This is the last lecture of the introductory part of my course where I give a very broad (and admittedly shallow) overview of some key visualization concepts I hope will stick in my students’ head. After talking about basic charts and high-information graphics I introduce dynamic visualization as visual representations that can change through user interaction.
Here are the lecture slides: Beyond Charts: Dynamic Visualization.
That’s the magic of computer graphics! The visual representation can respond and change according to our actions. Isn’t that great? Yes it is, but what is it for? This is what I asked to my students at the beginning of this class. I ask because I have the impression interaction in many visualizations comes as an afterthought: let’s put a little bit of hovering there and a nice animated zoom there. But interaction is an integral part of the well-reasoned choices a designers has to make in order to make a visualization effective, it’s not just an additional layer one can add there to add a couple of cool functions.
Interaction is the element of a visualization design that allows people to reason about data and that’s the way I presented it in class. It’s only through interaction that you can smoothly go through a long series of loops of: (1) detect something interesting in the data; (2) trigger a question; (3) change the representation in order to answer that question. Here is the (almost embarrassingly simplified) diagram I have used:
Interaction is basically about reasoning with data though many of these intricate loops, not making it cool. Even though admittedly interaction does make visualization cool. But I guess you want to go past beyond the coolness factor, right? That’s almost too easy to achieve.
Next, I introduce Donald Norman’s 7 stages of action. The model describes the stages humans go through when they interact with the world to achieve a specific goal. Here is a sketch of the model:
The model has been designed to describe things as simple as opening a door or turning on the volume of you speakers but it works equally well with complex user interfaces. The pedagogical value of the model in my opinion is that it make explicit the fact that interactive visualization is a lot about translation: (1) translating the goals we have in our head into actions and visual search tasks we perform with our hand and eyes and (2) translating (actually decoding and giving a meaning) to the changed visual representation we have in front of us after changing it through our actions. Our role as visualizations designers is to make these translations as smooth and natural as possible. Norman calls these critical points “gulf of execution” and “gulf of interpretation”. Easy and effective.
The comments I received after the lecture in our internal forum confirmed that the model does help students wrapping their head around the role of interaction in visualization so I am glad I included it. One student commented: “It is really interesting to see a process, which we all manage, unconsciously broken down to separate steps, where we can surprisingly easily relate those steps to our own experiences. ” Another one wrote: “I was really intrigued with Norman’s 7 Stages of Action. It seems like a really logical way to think holistically about interaction design.”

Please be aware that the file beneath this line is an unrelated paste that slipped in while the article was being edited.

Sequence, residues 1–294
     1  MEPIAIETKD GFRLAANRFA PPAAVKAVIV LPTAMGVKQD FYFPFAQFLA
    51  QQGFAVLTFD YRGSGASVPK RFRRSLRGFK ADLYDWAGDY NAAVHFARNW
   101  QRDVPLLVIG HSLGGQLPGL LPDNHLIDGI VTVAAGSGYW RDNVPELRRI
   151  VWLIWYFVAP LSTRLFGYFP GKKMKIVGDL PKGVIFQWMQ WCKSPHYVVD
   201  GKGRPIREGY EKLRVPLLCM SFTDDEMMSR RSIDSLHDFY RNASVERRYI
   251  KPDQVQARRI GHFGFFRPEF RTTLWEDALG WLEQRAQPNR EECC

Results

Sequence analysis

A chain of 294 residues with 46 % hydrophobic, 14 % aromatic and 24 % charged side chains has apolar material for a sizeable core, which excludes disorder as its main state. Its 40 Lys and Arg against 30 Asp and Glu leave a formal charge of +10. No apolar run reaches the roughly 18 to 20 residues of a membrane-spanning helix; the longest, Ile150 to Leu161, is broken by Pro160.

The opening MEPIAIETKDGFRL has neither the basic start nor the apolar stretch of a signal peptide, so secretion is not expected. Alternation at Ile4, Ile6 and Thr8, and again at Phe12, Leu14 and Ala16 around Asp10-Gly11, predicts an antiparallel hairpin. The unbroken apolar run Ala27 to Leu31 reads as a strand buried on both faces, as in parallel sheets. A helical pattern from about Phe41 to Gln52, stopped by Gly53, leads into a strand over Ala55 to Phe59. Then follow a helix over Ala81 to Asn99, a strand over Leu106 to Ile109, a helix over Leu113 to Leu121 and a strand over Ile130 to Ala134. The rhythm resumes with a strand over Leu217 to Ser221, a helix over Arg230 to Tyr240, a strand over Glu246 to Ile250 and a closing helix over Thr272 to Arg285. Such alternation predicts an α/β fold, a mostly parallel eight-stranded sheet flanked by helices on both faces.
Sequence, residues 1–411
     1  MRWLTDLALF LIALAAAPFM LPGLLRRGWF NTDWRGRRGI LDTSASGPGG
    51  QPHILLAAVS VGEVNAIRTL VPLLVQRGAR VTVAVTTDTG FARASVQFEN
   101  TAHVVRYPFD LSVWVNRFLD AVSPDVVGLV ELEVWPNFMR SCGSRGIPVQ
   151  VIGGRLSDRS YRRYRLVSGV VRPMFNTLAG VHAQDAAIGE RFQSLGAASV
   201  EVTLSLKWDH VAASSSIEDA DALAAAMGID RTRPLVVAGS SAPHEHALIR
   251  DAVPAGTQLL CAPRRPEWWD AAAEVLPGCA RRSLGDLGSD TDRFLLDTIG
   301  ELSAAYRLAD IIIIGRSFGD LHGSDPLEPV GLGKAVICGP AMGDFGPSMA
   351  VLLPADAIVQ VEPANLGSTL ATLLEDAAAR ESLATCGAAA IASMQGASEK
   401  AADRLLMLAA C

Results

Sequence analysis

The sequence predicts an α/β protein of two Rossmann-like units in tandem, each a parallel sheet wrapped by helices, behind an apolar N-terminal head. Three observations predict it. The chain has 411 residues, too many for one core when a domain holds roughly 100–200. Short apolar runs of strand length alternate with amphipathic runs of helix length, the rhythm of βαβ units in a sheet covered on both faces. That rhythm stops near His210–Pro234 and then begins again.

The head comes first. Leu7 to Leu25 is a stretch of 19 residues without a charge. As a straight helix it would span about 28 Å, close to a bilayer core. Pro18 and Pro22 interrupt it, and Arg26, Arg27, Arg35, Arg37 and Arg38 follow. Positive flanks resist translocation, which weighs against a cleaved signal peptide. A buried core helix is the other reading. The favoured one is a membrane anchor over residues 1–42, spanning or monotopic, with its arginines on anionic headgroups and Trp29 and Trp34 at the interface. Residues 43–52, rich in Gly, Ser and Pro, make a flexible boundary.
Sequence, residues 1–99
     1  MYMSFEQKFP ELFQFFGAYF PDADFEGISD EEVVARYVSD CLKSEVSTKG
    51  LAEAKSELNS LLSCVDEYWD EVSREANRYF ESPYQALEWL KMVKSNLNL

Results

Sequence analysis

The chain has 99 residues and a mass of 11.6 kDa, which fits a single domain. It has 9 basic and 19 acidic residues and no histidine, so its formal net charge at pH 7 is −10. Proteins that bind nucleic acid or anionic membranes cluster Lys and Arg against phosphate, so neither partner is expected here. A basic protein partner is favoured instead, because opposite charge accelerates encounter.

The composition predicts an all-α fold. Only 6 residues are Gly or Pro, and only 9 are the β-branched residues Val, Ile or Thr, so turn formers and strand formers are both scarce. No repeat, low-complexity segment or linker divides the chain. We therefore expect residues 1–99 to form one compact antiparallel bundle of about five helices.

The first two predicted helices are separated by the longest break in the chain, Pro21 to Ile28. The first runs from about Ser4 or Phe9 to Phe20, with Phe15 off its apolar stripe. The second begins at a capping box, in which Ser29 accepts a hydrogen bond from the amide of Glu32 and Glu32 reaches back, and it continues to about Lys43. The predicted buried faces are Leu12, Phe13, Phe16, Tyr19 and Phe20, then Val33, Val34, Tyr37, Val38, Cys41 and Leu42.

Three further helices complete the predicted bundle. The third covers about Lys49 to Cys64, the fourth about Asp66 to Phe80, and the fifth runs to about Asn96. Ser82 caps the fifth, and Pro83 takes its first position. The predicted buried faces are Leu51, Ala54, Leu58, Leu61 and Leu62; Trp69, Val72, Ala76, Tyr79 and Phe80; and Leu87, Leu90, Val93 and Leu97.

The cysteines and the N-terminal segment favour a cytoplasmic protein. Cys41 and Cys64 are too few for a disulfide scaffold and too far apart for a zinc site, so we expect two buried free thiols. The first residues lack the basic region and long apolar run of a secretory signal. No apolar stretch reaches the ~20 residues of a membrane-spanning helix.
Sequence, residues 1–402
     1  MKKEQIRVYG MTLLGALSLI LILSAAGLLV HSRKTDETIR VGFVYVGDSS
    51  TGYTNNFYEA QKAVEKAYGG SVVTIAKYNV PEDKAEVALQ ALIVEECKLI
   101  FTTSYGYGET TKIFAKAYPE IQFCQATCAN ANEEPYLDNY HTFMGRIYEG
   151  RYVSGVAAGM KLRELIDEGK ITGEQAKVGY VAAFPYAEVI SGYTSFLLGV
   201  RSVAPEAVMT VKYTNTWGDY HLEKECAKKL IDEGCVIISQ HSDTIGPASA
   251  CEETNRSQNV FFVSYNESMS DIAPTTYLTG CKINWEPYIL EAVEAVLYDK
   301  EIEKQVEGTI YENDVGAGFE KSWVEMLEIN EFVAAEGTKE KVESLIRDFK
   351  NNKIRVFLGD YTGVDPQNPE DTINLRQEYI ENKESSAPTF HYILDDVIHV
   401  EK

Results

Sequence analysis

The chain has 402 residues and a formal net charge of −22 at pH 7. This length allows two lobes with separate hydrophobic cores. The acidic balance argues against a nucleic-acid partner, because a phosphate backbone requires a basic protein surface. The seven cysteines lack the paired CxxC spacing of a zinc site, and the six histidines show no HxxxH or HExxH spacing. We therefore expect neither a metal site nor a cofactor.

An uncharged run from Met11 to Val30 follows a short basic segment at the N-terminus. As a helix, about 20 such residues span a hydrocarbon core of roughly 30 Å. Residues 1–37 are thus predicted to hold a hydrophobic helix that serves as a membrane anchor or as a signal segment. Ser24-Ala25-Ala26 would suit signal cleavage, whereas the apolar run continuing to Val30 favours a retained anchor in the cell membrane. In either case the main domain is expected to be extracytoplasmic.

During the rest of my lecture I described this paper: Yi, Ji Soo, et al. “Toward a deeper understanding of the role of interaction in information visualization.” Visualization and Computer Graphics, IEEE Transactions on 13.6 (2007): 1224-1231. This is a super useful paper if you want to learn more about the role of interaction in visualization. The thing I like the most about it is that it describes interaction techniques in terms if “intent” rather than how they are implemented. I like this approach because it abstract away from the technicalities of the technique and creates a more direct connection between interaction and reasoning. These are the categories:
Mark something as interesting (Select)
Show me something else (Explore)
Show me a different arrangement (Reconfigure)
Show me a different representation (Encode)
Show me more or less detail (Abstract/Elaborate)
Show me something conditionally (Filter)
Show me related items (Connect)
If you have never read this paper I suggest you to give it a look, it’s a very good read. Another very good read on the same topic is the more recent: Heer, Jeffrey, and Ben Shneiderman. “Interactive dynamics for visual analysis.” Queue 10.2 (2012): 30. That’s a very good one too.
One of my students in the forum raised a question about complexity: by introducing all this interaction don’t we risk to make visualization too hard to use and understand? Yes, I think there is a very high risk to make things too complex and more interaction does increase the need of users to learn how to use the system. It’s wise to adopt a parsimony principe when we talk about interaction in visualization. Cramming twenty different techniques in one system for the sake of it it’s not going to work. Interaction is a dangerous tool and it must be used with great care. The best is when it blends smoothly into the visual representation and makes important questions easy to answer.
Overall I think we still have to learn a lot about interaction. Most visualizations on the web are static, and most of the interactive ones are either not very well designed or very limited. While little interaction may be necessary for visual data presentations, more rich and well-integrated interaction is crucial for analytical reasoning. If we want to help people reason about data and derive useful insights we have to better understand how to support this complex process.
That’s all for now. Thanks for reading.